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NOTICE: The Charter Vision project is dormant as of January 2008. This website is provided for archival purposes only.

No “Bull” When it comes to Helping the Community

Tabitha (Grade 11 / Minnesota New Country) Originally published November 2003
No "Bull" when it comes to helping the community
Gary Knox and the Liberty High gang are bullish on the future

Every time I walk down Main Street in Henderson, I marvel at the historic brick buildings that line it. Sometimes I can almost see the blacktop turn to dust under my feet and horses roped to hitching posts outside the buildings. No doubt things have changed in Henderson, and the passage of time is becoming even more evident on these sturdy brick structures. Many of the buildings have recently been through extensive restoration and repair. Staff and students from MNCS were given the opportunity to help in these preservation efforts.

They took some time out of their summer to repaint the mural that’s on the west side of what’s now the post office. To some, it’s just another tobacco advertisement, but for many it’s yet another character mark on the old building that now defines Henderson.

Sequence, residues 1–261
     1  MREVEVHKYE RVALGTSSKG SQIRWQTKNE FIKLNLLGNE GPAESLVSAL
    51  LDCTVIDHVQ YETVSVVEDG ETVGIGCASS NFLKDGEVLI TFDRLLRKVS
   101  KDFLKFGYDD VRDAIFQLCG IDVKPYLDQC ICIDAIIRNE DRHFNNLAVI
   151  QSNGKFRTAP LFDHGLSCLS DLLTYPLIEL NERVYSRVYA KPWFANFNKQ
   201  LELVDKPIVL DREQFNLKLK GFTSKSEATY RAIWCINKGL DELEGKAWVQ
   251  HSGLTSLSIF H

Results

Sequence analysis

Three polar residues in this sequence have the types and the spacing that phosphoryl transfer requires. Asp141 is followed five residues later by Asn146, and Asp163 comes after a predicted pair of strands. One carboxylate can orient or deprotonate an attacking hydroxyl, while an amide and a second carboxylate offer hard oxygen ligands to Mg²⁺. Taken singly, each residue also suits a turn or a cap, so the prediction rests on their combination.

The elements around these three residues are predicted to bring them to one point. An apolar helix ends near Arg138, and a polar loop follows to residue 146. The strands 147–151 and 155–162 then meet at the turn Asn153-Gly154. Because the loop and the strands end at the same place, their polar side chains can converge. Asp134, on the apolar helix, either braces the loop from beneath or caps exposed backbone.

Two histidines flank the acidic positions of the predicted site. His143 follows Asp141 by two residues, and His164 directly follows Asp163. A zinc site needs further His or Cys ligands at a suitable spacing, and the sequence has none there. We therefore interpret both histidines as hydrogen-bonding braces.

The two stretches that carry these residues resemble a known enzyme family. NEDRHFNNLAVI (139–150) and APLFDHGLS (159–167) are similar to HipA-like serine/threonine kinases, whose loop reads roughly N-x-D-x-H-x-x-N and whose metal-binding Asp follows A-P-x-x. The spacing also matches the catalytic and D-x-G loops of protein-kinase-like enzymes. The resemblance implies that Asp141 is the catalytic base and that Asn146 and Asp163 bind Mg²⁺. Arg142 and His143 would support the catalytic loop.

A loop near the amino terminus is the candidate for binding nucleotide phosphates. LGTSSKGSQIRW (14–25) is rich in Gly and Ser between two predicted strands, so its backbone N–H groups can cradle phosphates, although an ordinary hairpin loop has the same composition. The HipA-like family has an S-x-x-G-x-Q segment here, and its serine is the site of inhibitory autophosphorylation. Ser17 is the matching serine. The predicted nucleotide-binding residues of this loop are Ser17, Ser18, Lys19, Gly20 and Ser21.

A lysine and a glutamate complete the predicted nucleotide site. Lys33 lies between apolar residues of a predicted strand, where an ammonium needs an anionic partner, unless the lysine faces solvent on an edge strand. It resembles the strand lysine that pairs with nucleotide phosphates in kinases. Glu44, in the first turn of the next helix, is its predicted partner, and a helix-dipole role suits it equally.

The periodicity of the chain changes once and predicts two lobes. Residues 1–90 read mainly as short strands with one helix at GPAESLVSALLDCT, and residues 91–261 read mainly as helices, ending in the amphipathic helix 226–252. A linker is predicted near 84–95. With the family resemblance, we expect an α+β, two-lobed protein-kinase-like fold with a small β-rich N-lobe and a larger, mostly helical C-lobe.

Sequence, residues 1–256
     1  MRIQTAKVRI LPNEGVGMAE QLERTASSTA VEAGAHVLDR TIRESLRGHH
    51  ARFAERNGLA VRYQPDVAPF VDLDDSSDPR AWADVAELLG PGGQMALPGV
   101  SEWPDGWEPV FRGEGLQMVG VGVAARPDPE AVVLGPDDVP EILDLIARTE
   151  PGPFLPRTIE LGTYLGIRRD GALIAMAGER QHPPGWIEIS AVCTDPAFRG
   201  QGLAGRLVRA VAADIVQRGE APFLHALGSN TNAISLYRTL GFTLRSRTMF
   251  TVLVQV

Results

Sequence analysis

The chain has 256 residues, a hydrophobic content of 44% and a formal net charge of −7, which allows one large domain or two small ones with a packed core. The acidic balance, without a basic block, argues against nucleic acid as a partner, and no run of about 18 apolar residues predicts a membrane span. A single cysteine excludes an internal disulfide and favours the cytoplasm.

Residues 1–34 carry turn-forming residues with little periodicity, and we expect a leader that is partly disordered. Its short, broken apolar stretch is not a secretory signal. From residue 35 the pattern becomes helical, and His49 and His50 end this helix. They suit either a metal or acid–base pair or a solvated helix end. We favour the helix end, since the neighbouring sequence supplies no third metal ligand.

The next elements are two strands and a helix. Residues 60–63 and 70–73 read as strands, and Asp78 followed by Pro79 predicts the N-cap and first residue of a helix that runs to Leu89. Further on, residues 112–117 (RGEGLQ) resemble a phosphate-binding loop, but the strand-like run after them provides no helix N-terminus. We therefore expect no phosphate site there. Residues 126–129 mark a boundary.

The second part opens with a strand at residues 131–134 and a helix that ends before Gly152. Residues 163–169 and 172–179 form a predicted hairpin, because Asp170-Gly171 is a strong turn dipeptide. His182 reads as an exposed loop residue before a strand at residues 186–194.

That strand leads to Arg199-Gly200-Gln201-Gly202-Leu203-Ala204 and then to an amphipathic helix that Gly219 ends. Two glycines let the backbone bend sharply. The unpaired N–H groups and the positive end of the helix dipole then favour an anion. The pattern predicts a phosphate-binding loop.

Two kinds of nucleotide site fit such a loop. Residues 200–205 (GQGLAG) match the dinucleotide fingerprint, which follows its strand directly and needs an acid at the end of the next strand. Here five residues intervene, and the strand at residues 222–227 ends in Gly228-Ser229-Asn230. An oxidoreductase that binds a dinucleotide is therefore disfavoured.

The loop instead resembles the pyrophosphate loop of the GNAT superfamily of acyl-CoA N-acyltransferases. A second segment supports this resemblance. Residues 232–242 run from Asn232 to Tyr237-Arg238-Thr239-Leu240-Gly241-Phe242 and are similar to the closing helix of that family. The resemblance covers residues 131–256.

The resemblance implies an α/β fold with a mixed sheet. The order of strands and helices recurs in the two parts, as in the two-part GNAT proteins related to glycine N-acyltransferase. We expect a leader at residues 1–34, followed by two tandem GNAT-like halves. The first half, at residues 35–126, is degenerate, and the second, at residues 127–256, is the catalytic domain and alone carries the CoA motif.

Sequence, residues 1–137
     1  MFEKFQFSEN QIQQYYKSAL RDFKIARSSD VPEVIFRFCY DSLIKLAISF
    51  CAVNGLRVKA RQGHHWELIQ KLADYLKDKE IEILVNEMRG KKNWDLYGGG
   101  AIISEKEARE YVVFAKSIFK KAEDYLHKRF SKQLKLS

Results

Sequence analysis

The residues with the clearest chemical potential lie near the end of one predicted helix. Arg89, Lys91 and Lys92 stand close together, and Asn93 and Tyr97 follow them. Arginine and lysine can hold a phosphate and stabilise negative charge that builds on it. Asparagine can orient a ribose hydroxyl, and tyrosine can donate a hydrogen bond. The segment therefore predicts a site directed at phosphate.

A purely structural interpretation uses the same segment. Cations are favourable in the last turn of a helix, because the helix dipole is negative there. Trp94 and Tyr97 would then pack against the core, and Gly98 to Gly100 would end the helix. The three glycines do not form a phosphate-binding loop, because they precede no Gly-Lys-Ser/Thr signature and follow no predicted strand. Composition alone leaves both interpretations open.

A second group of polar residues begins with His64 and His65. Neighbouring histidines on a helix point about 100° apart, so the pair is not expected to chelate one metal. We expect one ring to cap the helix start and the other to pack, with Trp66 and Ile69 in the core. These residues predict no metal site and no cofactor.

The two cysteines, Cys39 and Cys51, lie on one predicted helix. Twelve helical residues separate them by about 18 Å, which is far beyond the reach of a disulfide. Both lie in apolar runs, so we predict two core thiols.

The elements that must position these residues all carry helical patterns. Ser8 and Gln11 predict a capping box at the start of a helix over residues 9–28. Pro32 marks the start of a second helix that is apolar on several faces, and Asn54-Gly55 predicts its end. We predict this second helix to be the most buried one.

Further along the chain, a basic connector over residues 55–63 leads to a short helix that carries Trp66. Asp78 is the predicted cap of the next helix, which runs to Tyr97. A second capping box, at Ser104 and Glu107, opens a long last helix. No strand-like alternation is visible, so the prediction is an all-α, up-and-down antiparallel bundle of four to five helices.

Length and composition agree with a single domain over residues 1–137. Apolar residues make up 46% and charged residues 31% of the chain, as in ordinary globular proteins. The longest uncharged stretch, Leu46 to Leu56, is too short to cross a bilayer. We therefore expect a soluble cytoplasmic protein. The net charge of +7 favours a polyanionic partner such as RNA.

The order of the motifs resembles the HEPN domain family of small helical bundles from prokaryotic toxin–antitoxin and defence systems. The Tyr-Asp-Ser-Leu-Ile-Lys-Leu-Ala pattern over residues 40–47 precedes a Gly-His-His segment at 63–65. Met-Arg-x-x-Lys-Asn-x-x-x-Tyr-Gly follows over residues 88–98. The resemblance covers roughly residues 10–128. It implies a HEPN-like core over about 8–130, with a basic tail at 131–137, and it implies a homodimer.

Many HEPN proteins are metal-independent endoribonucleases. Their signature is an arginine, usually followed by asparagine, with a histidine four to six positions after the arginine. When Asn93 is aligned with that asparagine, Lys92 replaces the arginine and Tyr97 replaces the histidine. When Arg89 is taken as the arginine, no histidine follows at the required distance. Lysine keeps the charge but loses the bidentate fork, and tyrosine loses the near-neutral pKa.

MNCS advisors and students aren’t cowed by the task of renovating historic Henderson

The Bull Durham tobacco ad was painted on what was then a saloon owned by John Gerken in 1895. The year the mural was painted is unknown, but Doug Thomas, current owner, thinks it may have been in the early 1920s. Around this time, the popular Durham, North Carolina-based tobacco company was painting these murals all across the country in a massive promotional campaign.

Even though it was restored in 1990, the faded lettering and chipped paint suggested it was due for a touch-up, which MNCS advisor Jim Wartman, Career Facilitator Jenn Studer, and students Seth, Brittany, were happy to do. It took wire brushes, TSP and high-pressure washing to finally take off the layers of peeling paint before they could begin the painting process. The job took about a week, and Seth says that helping restore even a small part of Henderson’s history makes him feel like a winner.

MNCS advisors and students aren't cowed by the task of renovating historic Henderson

“As part of Henderson’s 150th anniversary, a restoration project is taking place along Main Street. The object is to rejuvenate Henderson to the state it was in when the 20th century first dawned. The bulk of the work has been done by the real estate owners themselves, one of whom is Douglas Thomas, who recently received a Fred C. Cords Memorial and Preservation Foundation award for his work on Henderson’s Edvisions building. As far as I can tell, the work is coming along quite nicely, and I am sure every other member of the community of Henderson would agree.”
– Paul, 10th Grade, MNCS

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